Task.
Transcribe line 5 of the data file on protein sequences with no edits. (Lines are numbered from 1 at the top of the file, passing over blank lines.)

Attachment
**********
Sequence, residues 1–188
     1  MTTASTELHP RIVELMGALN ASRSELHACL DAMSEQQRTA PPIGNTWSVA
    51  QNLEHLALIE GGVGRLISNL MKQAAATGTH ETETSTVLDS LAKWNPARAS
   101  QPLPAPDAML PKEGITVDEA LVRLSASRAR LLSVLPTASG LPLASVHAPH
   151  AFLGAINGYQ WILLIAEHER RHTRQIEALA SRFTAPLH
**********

   151  AFLGAINGYQ WILLIAEHER RHTRQIEALA SRFTAPLH